How To Sell Your Unique Value For An Entry-Level Sales Job Interview

Graduation is over, and you’re now the proud owner of a shiny, new college diploma. Congratulations!

Time to put that little piece of paper to use and snag that entry-level sales position you’ve had your eye on. You’ve filled out the online application and are ready to send your information into cyberspace. But before clicking “submit” and sending your hot-off-the-press resume to the hiring manager, consider this:

sales job interviewWhen hundreds or even thousands of people are applying to the same entry-level sales jobs as you, with your same skills and experience, what makes you stand out from the crowd? How do you get your resume noticed? How do you shine in your interview?

The answer to all of these questions is the same — with your Unique Value Proposition.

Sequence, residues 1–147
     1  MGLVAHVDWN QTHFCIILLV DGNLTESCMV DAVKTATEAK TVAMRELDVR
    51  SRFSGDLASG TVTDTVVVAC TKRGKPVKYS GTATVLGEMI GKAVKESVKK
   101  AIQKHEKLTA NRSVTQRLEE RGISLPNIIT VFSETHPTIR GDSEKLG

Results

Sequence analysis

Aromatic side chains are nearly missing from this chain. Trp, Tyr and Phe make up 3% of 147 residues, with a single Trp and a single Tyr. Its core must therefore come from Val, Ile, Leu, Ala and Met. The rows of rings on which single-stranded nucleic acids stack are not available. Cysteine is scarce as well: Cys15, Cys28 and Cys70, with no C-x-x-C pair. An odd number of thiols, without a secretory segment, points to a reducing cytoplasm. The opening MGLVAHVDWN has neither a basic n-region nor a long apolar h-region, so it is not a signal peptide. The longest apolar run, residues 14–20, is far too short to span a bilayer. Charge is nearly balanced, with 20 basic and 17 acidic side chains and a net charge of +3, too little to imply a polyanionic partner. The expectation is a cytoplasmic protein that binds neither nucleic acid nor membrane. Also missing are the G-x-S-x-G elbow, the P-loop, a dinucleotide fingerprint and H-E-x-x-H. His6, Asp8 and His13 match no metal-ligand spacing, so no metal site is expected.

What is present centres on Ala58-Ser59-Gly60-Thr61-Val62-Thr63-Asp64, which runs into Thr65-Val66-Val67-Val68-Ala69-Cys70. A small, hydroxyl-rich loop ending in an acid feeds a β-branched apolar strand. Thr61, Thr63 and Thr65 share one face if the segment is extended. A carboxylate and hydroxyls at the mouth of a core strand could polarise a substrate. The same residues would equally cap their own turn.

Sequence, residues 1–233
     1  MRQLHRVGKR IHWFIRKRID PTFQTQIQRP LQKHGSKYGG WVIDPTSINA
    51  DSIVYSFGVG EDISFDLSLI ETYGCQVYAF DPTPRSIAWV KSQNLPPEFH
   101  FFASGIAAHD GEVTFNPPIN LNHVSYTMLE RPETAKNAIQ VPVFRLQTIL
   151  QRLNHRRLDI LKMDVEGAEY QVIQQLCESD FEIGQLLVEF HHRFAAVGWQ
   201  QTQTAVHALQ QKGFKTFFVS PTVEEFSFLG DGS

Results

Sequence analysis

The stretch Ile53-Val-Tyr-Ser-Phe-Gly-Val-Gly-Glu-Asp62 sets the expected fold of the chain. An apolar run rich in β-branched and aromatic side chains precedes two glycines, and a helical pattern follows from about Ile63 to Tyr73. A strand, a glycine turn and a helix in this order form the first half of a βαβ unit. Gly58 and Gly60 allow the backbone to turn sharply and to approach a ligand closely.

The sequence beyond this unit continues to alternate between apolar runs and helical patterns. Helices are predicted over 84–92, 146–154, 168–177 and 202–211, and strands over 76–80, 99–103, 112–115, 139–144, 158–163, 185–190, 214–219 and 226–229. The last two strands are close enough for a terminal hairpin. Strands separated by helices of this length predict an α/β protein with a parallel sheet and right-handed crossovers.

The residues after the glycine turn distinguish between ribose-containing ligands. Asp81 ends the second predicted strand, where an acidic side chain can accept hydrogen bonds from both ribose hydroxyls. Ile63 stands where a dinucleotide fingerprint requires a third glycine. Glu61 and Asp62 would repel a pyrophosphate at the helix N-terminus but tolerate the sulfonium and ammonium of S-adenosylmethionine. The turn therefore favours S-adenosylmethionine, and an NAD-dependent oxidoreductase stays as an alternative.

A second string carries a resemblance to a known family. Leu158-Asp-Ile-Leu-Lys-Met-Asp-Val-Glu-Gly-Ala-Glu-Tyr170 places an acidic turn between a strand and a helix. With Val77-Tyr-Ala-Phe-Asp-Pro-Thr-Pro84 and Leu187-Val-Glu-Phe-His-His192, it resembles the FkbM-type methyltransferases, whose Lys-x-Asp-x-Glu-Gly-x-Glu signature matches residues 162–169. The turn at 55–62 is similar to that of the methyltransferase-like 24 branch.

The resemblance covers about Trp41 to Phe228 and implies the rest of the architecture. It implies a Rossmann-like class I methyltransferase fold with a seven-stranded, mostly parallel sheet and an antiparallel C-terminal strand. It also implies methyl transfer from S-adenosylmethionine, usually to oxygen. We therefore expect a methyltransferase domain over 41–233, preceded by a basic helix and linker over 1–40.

Your Unique Value Proposition is a clear, concise vision statement that represents who you are in relation to the position you’re after. It’s your pitch, your elevator speech, your brand. It’s the way you sell your unique story to score and ace your entry-level sales interview.

Crafting the perfect Unique Value Proposition requires time and self-reflection. It should be unique, personal, and compelling.

3 steps to a winning unique value proposition

  1. Identify your very best strengths and skills.
  2. Learn and understand the company’s values.
  3. Use this information to create a single statement that answers the famous interview question, “Why should we hire you?”

You’ve got your statement. You’re halfway there. Now it’s time to put it into practice.

More unique value proposition tips

  • Internalize your Unique Value Proposition.
  • Keep it consistent throughout your resume and interview.
  • Practice giving vivid examples that demonstrate your Unique Value Proposition to help you during your interview.

Hiring managers and recruiters are looking for unique individuals who possess the intrinsic values and qualities of the company. Make it easy for them to see that in you.

As an entry-level salesperson, you’re not selling a product in this case — you’re selling yourself.